Dr. Saad Saad’s Two Major Medical Inventions

Dr. Saad Saad is a renowned paediatric surgeon. In his career, Dr. Saad has conducted several paediatric operations on children. He has always been looking for ways to better the current procedures and methods in surgery. He always went an extra mile to find means of reducing pain as well as the risks that the patients faced. Due to these aspirations, Dr. Saad has come up with two inventions and created many new procedures for paediatric surgery. He has been in the medical field for over 40 years. During his surgical career, he has carried on complicated paediatric operations on patients from his community and outside his town. Dr. Saad has been working in his neighbourhood in America as well as assisting adults and children in the Holyland. He has had four missions related to medicine in the US and eight others in West Bank and Jerusalem where he conducted free operations on kids from low-income families. Dr. Saad has the patents for the two inventions.

Dr. Saad Saad’s first invention was about medical catheters. These are tubes that serve a wide range of purposes. Precisely, these tubes are implanted into the body to treat conditions or assist conduct a surgical process. The machines can offer access to the instruments used for surgery, drain fluids and gases as well as perform other duties depending on catheter type. For surgeons to put the catheter in the right place within the body, they must be able to trace its real position. Traditionally, doctors had to perform an X-ray to see the correct area of the catheter. While one X-ray has got almost no risk to the patient, recurrent X-rays can expose a patient to extreme radiation doses. Alternatively, doctors can conduct an MRI (Magnetic Resonance Imaging) to trace the catheter instead of the X-ray. However, an MRL is almost an unrealistic option because there are large machines that are not portable. It was for these reasons that Dr.Saad decided to come up with a device that could track the catheter without machine scanning the body of the patient. Thus, the creation of electronic location identification device came up.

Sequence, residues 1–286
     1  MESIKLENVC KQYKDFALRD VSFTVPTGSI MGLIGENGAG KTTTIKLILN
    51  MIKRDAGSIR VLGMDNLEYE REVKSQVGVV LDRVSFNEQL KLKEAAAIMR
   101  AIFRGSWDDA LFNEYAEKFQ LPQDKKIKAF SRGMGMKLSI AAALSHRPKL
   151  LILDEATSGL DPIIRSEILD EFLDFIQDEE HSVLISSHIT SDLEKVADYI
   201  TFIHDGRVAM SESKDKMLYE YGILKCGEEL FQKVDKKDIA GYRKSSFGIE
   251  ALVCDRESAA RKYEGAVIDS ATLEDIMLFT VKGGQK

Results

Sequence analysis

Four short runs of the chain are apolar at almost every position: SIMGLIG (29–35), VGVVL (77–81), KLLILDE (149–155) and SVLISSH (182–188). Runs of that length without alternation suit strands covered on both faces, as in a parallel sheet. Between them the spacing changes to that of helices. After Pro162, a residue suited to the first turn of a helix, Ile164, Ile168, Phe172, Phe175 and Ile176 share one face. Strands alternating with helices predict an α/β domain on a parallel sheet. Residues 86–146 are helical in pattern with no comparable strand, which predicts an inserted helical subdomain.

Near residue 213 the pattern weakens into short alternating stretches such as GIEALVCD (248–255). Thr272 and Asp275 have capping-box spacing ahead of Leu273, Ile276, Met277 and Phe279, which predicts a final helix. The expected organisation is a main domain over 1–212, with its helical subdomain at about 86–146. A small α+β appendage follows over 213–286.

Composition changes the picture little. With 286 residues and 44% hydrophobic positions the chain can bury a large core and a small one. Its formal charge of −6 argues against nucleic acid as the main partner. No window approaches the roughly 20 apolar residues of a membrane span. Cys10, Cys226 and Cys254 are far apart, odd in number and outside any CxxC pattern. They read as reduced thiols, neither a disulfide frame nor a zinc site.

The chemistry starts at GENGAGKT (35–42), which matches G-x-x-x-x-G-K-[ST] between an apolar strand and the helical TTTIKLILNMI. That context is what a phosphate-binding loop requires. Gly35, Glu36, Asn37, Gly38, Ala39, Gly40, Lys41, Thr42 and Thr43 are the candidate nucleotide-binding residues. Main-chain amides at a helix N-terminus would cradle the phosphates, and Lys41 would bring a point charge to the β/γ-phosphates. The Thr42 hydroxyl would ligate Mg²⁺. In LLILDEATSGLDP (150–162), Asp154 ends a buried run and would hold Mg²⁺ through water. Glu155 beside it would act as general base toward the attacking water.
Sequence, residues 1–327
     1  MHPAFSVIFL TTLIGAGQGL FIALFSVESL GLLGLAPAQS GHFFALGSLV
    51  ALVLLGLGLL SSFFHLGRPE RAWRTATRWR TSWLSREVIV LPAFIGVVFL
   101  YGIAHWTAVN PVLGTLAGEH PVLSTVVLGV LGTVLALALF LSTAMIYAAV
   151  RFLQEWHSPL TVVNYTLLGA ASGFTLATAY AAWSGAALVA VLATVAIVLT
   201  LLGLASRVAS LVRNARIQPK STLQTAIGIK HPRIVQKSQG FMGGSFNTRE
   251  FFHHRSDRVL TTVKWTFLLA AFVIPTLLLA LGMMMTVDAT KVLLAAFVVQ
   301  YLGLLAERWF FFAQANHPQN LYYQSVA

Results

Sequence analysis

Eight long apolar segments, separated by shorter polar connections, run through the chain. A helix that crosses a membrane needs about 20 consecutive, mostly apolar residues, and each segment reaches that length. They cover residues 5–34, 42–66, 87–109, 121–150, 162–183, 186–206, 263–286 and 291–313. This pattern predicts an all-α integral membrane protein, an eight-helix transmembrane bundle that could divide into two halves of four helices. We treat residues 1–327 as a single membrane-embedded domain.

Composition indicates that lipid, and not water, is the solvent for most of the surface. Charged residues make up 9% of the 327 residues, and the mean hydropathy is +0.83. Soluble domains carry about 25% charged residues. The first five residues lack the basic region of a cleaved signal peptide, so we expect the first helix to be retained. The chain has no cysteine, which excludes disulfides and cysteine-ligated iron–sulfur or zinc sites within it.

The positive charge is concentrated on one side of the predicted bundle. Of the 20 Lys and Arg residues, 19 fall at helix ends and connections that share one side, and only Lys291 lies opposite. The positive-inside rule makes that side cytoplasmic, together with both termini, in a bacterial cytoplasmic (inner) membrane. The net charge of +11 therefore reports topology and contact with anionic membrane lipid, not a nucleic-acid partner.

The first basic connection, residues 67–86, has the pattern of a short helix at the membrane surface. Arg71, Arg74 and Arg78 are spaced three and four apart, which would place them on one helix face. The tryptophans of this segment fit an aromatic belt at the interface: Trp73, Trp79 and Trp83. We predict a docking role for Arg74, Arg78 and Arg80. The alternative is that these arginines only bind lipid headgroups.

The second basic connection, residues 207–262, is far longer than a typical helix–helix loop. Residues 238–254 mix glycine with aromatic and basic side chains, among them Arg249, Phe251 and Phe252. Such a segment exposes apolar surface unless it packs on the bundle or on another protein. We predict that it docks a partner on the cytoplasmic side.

The second invention of Dr. Saad Saad is supposed to better the endoscopes use. Endoscopes are optical machines that doctors use to see the inside of the body of a patient during surgery. They are used to examine the windpipe, the throat, the bladder, colon and the stomach. The endoscopes help the doctor to know what is going on inside the body without a scan or surgery. However, human bodies are full of fluids that can bring problems to the endoscope thus obstructing a doctor from getting the best results. Dr. Saad,s invention addresses the issue by coming up with a suction-irrigation device which clears up the doctor’s view. The machine sucks away any liquid that hinders the doctor to get the best view of the body organ he is examining. Learn more: https://www.crunchbase.com/person/saad-saad

 

4 Facts About Bundled Payments According to Deirdre Baggot

A recent announcement came from the Centers for Medicare and Medicaid Innovations which signaled the end of fee-for-service from physicians called bundle payments. As we all know, if Medicare does this, all commercial payers will quickly follow in their footsteps.

According to Deirdre Baggot Bundle payments are predicated to be effective when it comes to effective decision-making. That being said, healthcare organizations will need to completely understand what it will take the make these new bundled payments really work. Here are four facts about bundle payments that need to be considered. View at ideamensch.com to know more.

#1: Only provide patients with what they need

For many, it can be a tough balancing act to provide only the needed procedures and test that the patient needs while still following the request of the patient and their family. With bundle payments it is necessary to have the discipline to provide nothing the patient doesn’t need as part of the new fee-for-value commitment.